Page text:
Shunt capacitor banks have an increasing role in supporting grid operations. While less dynamic than synchronous condensers with regard to meeting reactive power demand, shunt capacitor banks are able to provide voltage support throughout extended periods of heavy demand which might otherwise cause a system voltage violation.
Series capacitor banks can help to effectively shorten long transmission lines, enabling more power transfer over long transmission lines, which bring many renewable sources to distant markets.
High Voltage Direct Current (HVDC) convertor stations are typically used to interconnect two asynchronous grids. Recently, Black & Veatch provided Owner’s Engineer services during the design and installation of a voltage-sourced converter (VSC) back-to-back HVDC converter station near an existing substation as a means for controlling loop flow, providing voltage control and dynamic, real and reactive power control.
The VSC HVDC solution was ideal for local power system conditions that had low, short-circuit strength (particularly under certain outage conditions). The new station can transfer up to 200 megawatts bi-directionally, providing the client with an effective solution that AC transmission-only and other traditional technologies, such as phase-shifting transformers, could not match.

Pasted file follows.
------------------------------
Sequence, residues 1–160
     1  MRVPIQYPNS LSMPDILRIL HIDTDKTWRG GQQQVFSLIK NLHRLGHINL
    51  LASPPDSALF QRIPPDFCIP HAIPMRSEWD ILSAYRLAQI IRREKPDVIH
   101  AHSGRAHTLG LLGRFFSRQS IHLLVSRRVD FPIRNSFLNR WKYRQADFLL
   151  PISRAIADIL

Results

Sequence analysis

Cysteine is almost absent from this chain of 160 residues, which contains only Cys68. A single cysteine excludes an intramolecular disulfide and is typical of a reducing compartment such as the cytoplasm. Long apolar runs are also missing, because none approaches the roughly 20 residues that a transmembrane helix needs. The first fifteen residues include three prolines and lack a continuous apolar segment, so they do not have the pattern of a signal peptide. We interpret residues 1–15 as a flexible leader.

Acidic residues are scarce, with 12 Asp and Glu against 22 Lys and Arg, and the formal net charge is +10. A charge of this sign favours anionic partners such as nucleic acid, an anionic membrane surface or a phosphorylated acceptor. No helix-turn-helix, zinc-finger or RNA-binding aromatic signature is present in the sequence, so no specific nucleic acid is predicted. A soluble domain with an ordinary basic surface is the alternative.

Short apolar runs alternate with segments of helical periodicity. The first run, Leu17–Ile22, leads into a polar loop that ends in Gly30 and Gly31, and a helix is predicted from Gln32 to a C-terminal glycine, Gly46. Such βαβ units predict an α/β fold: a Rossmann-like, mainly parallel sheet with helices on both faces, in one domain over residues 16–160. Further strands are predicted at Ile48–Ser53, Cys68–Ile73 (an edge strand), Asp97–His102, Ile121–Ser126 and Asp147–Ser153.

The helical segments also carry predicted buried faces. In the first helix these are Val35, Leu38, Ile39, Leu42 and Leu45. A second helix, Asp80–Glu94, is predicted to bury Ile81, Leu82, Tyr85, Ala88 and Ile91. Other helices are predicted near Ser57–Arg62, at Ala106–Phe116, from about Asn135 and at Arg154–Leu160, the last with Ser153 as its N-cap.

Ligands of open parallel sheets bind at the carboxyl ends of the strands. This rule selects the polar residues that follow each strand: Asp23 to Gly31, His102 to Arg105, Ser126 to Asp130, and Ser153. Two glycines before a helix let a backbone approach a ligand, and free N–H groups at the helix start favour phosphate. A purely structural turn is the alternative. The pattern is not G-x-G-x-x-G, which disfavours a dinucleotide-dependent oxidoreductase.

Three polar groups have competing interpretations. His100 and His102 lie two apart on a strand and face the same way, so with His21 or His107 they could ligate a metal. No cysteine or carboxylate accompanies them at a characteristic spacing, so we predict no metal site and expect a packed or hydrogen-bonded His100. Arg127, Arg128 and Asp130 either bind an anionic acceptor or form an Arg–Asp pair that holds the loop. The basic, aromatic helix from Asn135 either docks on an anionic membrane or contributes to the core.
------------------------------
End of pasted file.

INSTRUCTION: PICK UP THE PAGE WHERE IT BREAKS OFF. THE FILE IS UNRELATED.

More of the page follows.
Black & Veatch has also provided engineering support for a number of Static VAR Compensator (SVC) systems. In these applications, the grid had limited ability to withstand major disturbances, such as the loss of a major transmission line. The SVC provides assurance that the grid will remain stable and operational under any operating condition.
A variety of energy storage projects and technologies are under development and/or testing. Storage provides added energy security, particularly if there are sudden and significant drops in power production from intermittent resources.
On a large scale, energy storage project developers are once again seeking out unique areas where mountains, water and excess power meet to implement pumped water storage. In other areas, compressed air energy storage, using old salt mines as a temporary reservoir of energy, are under consideration.
Battery energy storage systems (BESS), both utility-scale and small, local installations, are becoming increasingly considered for various applications. Prototypes of various fly-wheel technologies are also under development.
Perhaps the biggest hurdle for energy storage solutions is a lagging regulatory environment. The challenge is in determining how the cost and services of energy storage facilities should be allocated.
Complexity and Flexibility
The power grid represents the integration of a growing number of centralized and distributed power generation assets, as well as new energy storage systems. System complexity and flexibility are seemingly in direct correlation with each other as technology, customer demands and regulatory requirements continue to evolve. FACTS devices enable flexible, reliable and increasingly resilient operations by providing instant, on-demand response to fluctuations in power demand and generation.